Habitat loss and degradation are the primary threats to the five-keeled spiny-tailed iguana. Many traditional small holdings are changing into larger industrial farms, which can lead to reduced tree cover, vegetation and habitat diversity (6). Moreover, many cattle ranchers and farmers set fire to their land twice a year, which reduces habitat and refuge sites for the iguanas. In addition, most farmers in Nicaragua use fire wood obtained from the iguanas’ habitat for cooking, which again reduces potential refuge sites (4).
Another threat to the five-keeled spiny-tailed iguana population is unregulated exploitation for the pet trade. They are not currently listed under the Convention on International Trade of Endangered Species (CITES), meaning that trade in this species is not regulated (7).
Five-keeled spiny-tailed iguanas currently have no legal protection (1). The Lost Canyon Nature reserve does, however, offer a refuge for this species. The Lost Canyon Nature Reserve in Nicaragua has made five-keeled spiny-tailed iguanas their flagship species.
Since 2009, the Lost Canyon Nature Reserve have been working on the Nicaraguan Iguana Project (NIP). As part of this scheme, five-keeled spiny-tailed iguanas found outside the reserve are relocated to the NIP area within the reserve, which contains abundant natural habitat. This ensures immediate survival for the iguanas and facilitates mating (4). Protection within Lost Canyon Nature Reserve also allows herpetologists to carry out much needed study on this species, as recommended by the IUCN (1).
To ensure the five-keeled spiny-tailed iguana population does not decline further, surveys need to be carried out to determine the current population size, as well as managing and monitoring of wild populations (1).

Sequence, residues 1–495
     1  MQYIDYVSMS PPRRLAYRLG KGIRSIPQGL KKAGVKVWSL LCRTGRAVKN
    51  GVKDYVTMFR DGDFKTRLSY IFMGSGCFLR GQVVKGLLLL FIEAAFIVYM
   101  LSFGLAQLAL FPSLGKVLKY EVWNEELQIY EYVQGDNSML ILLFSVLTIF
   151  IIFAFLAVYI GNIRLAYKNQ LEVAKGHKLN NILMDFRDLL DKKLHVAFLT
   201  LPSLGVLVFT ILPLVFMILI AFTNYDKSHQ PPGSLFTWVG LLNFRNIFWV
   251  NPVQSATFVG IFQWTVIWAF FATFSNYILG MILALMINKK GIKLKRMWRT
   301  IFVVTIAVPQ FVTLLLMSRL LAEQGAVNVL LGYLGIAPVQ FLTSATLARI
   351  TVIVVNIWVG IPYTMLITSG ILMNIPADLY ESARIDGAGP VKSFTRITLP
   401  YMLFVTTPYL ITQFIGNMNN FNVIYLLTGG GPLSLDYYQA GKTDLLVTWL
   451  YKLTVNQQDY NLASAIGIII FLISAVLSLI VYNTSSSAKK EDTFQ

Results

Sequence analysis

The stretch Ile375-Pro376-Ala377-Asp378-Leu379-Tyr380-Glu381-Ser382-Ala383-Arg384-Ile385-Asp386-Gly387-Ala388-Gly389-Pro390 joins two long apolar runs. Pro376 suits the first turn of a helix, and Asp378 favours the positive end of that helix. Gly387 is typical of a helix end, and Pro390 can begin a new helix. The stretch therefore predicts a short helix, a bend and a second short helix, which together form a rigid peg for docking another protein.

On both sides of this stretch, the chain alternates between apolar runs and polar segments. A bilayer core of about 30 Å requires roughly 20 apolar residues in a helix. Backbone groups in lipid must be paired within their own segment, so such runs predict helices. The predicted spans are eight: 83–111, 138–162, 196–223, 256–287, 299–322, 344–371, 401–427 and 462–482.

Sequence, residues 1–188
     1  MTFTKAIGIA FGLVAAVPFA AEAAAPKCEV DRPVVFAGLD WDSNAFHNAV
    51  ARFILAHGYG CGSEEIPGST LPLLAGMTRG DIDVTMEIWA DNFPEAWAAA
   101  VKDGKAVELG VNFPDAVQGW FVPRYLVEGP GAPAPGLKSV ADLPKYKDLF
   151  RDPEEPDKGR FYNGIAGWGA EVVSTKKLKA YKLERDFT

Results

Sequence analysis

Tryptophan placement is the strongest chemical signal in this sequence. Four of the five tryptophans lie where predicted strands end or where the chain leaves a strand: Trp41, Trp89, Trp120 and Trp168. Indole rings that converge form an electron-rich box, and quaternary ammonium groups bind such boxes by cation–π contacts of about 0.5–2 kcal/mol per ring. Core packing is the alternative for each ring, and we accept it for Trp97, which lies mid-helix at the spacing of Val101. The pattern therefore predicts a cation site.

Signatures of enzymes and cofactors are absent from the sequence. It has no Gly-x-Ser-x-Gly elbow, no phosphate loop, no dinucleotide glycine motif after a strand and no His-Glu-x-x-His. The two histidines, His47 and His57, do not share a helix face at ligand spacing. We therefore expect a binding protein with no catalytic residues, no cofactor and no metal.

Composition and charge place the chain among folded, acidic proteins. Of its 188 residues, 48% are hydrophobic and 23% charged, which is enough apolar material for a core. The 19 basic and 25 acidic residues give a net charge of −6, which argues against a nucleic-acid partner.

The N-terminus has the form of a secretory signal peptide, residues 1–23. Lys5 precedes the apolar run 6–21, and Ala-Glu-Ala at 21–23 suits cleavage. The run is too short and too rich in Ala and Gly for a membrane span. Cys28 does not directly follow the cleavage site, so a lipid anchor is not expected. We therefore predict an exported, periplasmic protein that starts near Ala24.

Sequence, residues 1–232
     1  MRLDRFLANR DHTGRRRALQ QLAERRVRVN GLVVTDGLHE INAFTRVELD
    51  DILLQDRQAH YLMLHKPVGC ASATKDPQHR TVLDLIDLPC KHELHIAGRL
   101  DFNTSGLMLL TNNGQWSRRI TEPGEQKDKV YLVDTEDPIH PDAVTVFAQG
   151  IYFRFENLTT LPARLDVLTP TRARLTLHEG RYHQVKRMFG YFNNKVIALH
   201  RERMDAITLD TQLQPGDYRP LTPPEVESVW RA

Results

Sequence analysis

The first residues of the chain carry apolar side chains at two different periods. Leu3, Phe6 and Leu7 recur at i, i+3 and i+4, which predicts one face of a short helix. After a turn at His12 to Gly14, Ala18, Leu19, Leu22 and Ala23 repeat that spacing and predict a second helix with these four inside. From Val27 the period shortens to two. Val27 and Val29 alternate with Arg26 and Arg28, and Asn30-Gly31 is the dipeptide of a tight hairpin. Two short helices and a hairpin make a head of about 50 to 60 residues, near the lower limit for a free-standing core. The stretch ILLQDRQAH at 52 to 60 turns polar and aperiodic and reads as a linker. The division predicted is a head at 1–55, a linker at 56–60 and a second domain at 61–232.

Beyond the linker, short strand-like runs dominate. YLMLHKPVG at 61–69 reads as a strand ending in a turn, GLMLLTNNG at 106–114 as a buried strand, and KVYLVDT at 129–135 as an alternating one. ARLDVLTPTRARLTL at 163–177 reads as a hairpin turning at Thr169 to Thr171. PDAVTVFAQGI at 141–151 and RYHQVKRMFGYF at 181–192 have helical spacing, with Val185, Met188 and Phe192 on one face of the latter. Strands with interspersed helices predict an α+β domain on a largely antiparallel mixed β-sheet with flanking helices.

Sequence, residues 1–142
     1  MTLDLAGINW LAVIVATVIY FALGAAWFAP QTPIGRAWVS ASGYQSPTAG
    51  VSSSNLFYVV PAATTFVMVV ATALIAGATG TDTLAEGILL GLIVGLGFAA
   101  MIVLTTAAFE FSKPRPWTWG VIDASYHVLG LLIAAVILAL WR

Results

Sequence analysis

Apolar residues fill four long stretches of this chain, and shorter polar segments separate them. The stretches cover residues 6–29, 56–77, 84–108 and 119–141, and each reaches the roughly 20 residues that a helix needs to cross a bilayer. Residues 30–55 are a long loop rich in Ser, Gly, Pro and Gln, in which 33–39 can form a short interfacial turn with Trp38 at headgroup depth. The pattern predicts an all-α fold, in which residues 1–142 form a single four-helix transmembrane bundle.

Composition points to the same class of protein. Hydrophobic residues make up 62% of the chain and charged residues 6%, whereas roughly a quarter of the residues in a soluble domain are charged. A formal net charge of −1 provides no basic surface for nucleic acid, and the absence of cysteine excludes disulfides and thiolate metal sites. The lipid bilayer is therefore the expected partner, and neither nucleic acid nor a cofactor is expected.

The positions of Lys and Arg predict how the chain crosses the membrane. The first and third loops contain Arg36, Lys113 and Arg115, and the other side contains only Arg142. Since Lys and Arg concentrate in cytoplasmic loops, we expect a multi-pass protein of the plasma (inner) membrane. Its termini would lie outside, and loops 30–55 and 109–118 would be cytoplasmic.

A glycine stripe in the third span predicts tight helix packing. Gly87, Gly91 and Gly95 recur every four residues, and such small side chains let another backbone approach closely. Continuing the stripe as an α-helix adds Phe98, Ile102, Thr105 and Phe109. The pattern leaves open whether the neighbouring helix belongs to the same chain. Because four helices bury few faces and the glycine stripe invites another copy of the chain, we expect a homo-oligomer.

Learn more about the five-keeled spiny-tailed iguana:
Lost Canyon Nature Reserve:
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- Arboreal: an animal which lives or spends a large amount of time in trees.
- Dewlap: a fold of loose skin hanging below the throat.
- Genus: a category used in taxonomy, which is below 'family' and above 'species'. A genus tends to contain species that have characteristics in common. The genus forms the first part of a 'binomial' Latin species name; the second part is the specific name.
- Herbivorous: having a diet that comprises only vegetable matter.
- Oviparous: an animal that reproduces by laying eggs, which hatch outside the mother's body.
IUCN Red List (January, 2010)
- Savage, J.M. (2002) The Amphibians and Reptiles of Costa Rica: A Herpetofauna between Two Continents, between Two Seas. University of Chicago Press, Chicago.
Species of Costa Rica (July, 2011)
Lost Canyon Nature Reserve (July, 2011)
- Halliday, T. and Adler, K. (2004) The New Encyclopedia of Reptiles and Amphibians. Oxford University Press, Oxford.
- Harvey, C.A., Komar, O., Chazdon, R., Ferguson, B.G., Finegan, B., Griffith, D.M., Martinez-Ramos, H.M., Nigh, R., Soto-Pinto, L., Breugel, M.V. and Wishnie, M. (2008). Integrating Agricultural Landscapes with Biodiversity Conservation in the Mesoamerican Hotspot. Conservation Biology,22: 8-15.
- Köhler, G. and Hasbun, C.R. (2001) A new species of spiny-tailed iguana from Mexico formerly referred to Ctenosaura quinquecarinata (Gray 1842). Senckenbergiana biologica, 81: 257-267.